running water lines into unregulated and unplanned land areas. Urban Sprawl
is defined as "the spreading of urban
developments onto undeveloped land near a city" or "characterized
by [an] unplanned and uneven pattern of growth." And as for "potential"
compromising of our water tables with wells, how about the "definite"
ruination of our quality of life by encouraging high density, unregulated,
and unplanned development just outside the Town boundaries and up our steep
Everyone agrees that water
availability significantly increases development density. Everyone
agrees higher development density follows water. Everyone
agrees the Town has an effective steep slope ordinance, and everyone
agrees the county does not. The Cottages of Boone was built on
wells just outside the Town jurisdiction on an unregulated steep slope. With
significant water availability plus unregulated land, we'll get many more
and even higher density developments like this:
So who can
we vote for on November 3rd who will back up and take a hard look at
where we're headed before we proceed with the intake?
We have to make choices between a lot of bad options this year. Lynne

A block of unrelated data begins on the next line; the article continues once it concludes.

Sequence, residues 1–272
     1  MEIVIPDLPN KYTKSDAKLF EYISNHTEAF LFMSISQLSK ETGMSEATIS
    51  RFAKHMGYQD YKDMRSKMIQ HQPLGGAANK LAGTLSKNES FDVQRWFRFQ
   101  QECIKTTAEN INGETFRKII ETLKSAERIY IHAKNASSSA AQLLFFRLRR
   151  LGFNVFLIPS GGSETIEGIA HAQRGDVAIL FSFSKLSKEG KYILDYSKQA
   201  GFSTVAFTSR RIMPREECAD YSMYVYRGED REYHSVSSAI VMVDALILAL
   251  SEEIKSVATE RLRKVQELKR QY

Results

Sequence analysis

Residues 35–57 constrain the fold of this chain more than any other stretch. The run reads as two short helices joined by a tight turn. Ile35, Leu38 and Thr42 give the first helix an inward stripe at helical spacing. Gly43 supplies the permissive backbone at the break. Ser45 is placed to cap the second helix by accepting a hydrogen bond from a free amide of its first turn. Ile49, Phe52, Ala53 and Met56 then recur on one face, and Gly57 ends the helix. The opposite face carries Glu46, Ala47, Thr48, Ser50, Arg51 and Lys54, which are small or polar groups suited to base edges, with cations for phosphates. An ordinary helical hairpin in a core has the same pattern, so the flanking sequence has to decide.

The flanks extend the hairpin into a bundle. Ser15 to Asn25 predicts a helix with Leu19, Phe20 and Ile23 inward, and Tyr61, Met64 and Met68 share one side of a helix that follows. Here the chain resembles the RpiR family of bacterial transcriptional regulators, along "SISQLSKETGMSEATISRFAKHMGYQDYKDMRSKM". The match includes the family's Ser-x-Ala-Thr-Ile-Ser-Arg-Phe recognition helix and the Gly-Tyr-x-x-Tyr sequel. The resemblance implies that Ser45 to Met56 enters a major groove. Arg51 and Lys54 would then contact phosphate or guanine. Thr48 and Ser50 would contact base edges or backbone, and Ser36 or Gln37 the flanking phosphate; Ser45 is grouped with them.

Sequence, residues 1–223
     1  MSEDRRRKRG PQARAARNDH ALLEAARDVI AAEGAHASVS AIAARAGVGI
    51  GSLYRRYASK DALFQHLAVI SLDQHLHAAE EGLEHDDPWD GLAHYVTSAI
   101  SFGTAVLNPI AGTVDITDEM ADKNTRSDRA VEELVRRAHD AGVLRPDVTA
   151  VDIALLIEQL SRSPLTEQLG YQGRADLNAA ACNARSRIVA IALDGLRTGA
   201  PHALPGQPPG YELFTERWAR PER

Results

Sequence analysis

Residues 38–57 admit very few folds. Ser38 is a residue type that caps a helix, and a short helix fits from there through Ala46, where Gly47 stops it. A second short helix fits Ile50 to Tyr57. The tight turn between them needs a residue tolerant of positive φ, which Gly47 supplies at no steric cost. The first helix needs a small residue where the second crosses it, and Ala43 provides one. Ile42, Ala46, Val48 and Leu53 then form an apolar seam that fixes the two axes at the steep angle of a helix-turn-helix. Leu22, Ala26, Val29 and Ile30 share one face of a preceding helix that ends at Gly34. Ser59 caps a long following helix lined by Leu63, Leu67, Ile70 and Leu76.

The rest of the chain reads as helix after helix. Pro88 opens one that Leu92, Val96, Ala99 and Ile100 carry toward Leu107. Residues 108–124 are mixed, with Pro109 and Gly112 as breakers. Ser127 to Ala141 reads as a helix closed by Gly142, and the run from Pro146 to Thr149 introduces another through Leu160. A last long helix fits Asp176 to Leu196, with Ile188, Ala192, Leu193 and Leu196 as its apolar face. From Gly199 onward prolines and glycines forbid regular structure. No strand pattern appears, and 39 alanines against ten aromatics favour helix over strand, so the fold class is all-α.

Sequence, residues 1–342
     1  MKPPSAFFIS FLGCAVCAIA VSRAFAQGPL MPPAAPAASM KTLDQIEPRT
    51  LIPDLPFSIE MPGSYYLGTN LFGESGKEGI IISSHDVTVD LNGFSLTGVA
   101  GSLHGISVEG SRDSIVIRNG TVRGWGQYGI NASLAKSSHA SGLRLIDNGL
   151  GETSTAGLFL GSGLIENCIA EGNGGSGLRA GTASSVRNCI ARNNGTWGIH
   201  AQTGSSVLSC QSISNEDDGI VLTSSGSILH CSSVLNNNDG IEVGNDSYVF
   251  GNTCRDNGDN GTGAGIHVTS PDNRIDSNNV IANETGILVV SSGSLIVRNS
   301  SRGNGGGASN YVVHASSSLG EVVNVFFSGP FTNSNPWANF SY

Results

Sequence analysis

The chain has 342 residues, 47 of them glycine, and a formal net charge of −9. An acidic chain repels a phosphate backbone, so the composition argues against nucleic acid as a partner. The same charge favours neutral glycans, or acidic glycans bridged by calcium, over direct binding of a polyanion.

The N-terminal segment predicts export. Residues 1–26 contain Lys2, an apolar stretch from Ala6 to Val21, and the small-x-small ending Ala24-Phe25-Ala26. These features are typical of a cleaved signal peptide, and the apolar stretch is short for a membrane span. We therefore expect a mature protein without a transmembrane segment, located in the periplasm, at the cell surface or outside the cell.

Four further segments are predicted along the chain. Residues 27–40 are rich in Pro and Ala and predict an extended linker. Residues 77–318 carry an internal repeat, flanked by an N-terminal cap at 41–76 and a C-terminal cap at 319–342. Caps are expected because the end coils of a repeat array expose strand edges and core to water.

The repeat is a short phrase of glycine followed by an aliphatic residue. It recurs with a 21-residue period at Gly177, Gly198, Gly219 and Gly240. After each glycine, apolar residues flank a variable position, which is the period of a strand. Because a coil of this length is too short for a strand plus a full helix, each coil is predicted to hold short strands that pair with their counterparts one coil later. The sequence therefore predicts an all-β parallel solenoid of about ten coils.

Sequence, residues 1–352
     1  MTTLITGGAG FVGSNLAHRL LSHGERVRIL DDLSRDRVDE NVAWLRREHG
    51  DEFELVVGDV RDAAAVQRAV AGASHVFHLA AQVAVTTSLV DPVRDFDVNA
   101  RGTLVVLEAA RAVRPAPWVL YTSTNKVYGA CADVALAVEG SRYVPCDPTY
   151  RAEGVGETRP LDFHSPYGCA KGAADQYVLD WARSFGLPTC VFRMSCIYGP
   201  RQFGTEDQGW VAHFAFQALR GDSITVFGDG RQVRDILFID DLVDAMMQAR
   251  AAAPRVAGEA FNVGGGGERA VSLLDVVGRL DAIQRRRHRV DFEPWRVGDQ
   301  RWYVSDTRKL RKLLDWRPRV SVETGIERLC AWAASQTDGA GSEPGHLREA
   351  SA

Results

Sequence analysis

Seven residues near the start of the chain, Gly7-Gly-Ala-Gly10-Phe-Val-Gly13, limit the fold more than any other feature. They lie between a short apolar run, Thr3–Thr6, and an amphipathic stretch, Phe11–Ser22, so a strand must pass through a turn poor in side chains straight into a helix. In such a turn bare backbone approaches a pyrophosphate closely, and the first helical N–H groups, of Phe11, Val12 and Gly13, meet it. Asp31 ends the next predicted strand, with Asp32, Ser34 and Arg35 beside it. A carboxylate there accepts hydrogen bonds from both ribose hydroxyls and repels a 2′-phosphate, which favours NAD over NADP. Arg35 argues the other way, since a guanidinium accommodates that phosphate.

Mason insists that the state won't take our water and
continues to claim the Town can regulate development with the water even in
the face of all evidence to the contrary. Loretta
Clawson has been trying to get the intake put on hold to
re-evaluate but doesn't have the votes to even table for a few months to
take a sane look at reality. Jeannine
Collins is 100% behind the intake because it's a water plan
not just for Boone but for the whole area. David
Welsh would vote to table the intake because we don't have
all the easements yet, but he supports giving 500,000 gallons per day of
water to the county just to keep the peace. Jennifer
Teague has been convinced by Mason that the Town can regulate
development with intake water and that she's not gonna have to vote on it
anyhow because shovels will already be in the dirt by the time she takes
Mizelle is conflicted as well but at least she smells a rat